July 5th, 2005, 04:08 PM
Map Prototype: NVA stronghold
July 31st, 2005, 03:45 PM
Taken from :
A series of articles on NVA bunkers is based upon an analysis of enemy positions at Khe Sanh that was carried out by the 3rd Marine Division.
I thought it could be usefull of sort. I guess we will be constructing individual strongholds for historic missions.
From the compiled data of the various bunker complexes and trench systems at Khe Sanh, certain facts could be summarized:
Construction consisted of locally available materials.
Entrances to bunkers were kept as small as possible and were at right angles to the main axis of the bunker.
The most common bunker measured 4x6x4 feet and was rectangular shaped with 18-24 inches of overhead cover.
Overhead cover consisted of logs covered with a grass matting and earth.
Camouflage was deliberate and detailed.
Bunkers had a low silhouette, and blended with the terrain and foliage.
Extensive booby traps were not encountered.
Bunker complexes were located on reverse slopes adjacent to trails and water sources.
Positions were mutually supporting and interconnected by trench systems or communications wire.
Supporting Arms Effects:
The supporting arms effort directed against the NVA fortifications in the Khe Sanh area was successful in driving the enemy from his entrenched positions. General comments concerning the effects of these supporting arms can be summarized as follows:
The NVA bunker withstood anything but a direct hit by bombs or artillery.
Delay fuzing produced the best effects against bunker complexes; however, much of the ordnance penetrated too deeply before detonating in the soft soil.
Quick fusing was effective as a means of stripping away camouflage and exposing the position. It was not effective against bunker systems.
Napalm was not effective as a defoliant over large areas.
Artillery of 105 and 155mm was not effective in a bunker destruction role.
Avoid piecemeal expenditure of ordnance against scattered targets.
When areas of high activity were located, isolate and expose them with stand-off fuzing, napalm and incendiary ordnance, then attack the position with the type and quantity of ordnance best suited for destruction.
Reduce delivery CEP by employing more observation aircraft, and using area type munitions such as the CBU and BLU series against personnel targets.
Deny the enemy the use of his bunkers and living areas through intensive observation exposure and CS contamination.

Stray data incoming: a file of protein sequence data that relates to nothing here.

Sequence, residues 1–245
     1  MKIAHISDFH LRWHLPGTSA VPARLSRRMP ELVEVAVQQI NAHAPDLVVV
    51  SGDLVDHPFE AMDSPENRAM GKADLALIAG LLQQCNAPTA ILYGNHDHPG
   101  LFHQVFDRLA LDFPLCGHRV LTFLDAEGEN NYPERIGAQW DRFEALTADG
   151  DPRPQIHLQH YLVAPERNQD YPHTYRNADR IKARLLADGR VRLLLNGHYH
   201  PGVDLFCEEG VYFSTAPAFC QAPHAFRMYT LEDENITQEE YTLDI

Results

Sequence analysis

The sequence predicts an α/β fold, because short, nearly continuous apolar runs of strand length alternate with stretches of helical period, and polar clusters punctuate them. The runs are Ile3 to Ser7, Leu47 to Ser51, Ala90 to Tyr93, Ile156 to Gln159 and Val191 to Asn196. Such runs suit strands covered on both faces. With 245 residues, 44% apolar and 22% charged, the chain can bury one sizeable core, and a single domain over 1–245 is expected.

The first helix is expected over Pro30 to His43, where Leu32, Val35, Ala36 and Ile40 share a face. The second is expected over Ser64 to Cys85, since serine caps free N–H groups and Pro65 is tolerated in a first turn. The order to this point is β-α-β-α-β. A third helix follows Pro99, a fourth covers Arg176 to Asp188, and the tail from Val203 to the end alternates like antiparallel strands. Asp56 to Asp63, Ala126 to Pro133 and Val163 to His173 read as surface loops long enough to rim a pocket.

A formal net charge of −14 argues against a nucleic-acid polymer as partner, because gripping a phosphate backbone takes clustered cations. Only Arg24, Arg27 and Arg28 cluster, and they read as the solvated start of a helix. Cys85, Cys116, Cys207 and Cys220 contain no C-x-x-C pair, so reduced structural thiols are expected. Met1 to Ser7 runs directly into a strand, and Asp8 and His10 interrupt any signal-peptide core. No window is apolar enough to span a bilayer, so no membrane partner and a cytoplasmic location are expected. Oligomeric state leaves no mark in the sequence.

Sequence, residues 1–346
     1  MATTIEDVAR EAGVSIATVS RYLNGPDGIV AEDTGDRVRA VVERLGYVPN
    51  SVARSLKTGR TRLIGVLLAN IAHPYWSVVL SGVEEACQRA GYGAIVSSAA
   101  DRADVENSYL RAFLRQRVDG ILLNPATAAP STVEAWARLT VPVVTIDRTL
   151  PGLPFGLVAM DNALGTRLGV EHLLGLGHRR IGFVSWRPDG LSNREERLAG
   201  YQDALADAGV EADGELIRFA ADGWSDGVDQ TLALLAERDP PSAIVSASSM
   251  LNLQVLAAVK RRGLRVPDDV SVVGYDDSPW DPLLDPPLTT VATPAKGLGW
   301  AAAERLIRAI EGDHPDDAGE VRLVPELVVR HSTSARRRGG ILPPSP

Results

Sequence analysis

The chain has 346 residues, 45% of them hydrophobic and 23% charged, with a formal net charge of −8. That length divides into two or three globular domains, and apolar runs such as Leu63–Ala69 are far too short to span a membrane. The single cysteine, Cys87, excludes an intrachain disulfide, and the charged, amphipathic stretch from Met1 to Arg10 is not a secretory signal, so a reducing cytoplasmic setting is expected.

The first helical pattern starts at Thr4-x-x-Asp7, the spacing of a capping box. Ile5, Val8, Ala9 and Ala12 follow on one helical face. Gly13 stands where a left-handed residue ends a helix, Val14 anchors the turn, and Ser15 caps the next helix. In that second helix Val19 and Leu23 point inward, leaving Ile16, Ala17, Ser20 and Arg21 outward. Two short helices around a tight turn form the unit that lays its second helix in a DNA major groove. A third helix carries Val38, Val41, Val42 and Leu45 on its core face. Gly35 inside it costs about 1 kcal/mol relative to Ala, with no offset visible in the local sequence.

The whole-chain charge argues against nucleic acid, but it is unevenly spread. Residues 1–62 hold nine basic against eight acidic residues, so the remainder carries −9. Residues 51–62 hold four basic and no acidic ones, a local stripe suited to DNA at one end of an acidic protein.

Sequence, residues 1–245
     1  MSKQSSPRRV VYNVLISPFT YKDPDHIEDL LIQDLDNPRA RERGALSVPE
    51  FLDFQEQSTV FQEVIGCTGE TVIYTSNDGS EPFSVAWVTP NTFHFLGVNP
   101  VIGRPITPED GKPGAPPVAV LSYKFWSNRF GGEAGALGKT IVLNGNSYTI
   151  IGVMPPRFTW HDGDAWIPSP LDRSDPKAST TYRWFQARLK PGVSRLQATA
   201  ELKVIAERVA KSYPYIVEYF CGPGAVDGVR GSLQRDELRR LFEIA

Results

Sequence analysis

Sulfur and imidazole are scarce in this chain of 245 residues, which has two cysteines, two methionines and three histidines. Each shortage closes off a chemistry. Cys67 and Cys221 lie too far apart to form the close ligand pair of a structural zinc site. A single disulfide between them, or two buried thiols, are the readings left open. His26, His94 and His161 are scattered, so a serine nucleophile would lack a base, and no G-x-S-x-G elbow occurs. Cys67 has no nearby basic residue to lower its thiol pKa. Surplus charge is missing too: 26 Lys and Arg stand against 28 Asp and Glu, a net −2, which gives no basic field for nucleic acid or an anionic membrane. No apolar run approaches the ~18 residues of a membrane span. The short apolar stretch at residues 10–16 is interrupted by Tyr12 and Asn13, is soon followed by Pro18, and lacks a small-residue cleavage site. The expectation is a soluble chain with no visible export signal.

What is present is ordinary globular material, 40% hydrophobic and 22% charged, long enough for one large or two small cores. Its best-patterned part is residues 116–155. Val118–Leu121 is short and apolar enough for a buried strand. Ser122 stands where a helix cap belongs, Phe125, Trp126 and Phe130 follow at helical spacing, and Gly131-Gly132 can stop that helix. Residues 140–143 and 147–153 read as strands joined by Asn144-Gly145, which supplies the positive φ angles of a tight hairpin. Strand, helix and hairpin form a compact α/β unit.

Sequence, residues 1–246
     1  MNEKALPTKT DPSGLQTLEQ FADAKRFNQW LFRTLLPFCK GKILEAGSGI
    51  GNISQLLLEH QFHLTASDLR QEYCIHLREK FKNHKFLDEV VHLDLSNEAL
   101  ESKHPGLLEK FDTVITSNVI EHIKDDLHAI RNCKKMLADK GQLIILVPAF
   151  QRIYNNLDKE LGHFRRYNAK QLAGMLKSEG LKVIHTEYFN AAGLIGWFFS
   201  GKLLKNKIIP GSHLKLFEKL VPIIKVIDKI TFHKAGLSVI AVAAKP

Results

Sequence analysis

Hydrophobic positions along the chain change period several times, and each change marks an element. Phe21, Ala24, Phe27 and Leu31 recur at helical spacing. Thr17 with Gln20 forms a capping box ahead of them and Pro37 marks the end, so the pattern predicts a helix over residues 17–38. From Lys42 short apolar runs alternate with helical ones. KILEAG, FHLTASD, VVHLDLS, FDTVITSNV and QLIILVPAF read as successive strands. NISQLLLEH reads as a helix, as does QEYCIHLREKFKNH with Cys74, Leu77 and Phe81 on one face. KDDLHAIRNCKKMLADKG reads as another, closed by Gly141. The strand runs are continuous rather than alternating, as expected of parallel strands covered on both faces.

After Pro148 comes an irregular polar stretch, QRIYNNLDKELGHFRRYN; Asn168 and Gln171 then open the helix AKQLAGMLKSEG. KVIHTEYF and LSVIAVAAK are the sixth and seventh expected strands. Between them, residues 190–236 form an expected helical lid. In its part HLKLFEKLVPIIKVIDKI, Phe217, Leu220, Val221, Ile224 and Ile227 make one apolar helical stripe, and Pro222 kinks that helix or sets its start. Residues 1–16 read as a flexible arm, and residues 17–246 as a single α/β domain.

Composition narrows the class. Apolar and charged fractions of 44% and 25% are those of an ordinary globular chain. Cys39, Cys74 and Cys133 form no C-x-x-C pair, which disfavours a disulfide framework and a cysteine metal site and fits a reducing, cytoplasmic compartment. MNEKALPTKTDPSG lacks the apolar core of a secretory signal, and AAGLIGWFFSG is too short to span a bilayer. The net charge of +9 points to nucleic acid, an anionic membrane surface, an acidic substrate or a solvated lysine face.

Utilize lapse or neutral atmospheric conditions for CS employment against personnel targets.
Emphasize surprise through random selection of high intensity areas of activity.
Increase delay fuzing sensitivity for soft soils.
Employ surprise fire during periods of reduced visibility.
Utilize incendiary munitions in lieu of napalm for exposing fortified areas in high grass.
Use observed fires whenever possible.
Thoroughly search NVA trench systems for living bunkers prior to expending large quantities of ordnance on the trenches alone.
Consider selection of a delivery system which will place persistent CS in selected portions of the trenchline to deny its use as an attack position, or force a new system to be constructed.
The aerial observer (AO) must be permitted to conduct a methodical reconnaissance of every suspected position to insure positive location and identification of living areas. Once they have been identified they must be further exposed and reduced. Pilot accuracy increases greatly when he is able to visually identify and follow his target, and aerial observers should encourage the pilots of supporting aircraft to make several dummy runs from different headings until the pilot sees the target.
When hostile fire prevents low level observation or dummy runs, the AO and the supporting aircraft pilot should pick a prominent reference point close to the target to be used in conjunction with the marking smoke.
Initial runs should be made with hard ordnance employing 'daisy cutter' fuze, or napalm.
Artillery white phosphorus can be used to burn away the grass or mark the entire area. The important point is to first expose the target by destroying the surrounding vegetation, then conduct systematic attacks against the bunkers employing heavy artillery and air ordnance with delay fusing.
August 6th, 2005, 12:58 PM
You'll find interesting infos in this doc...
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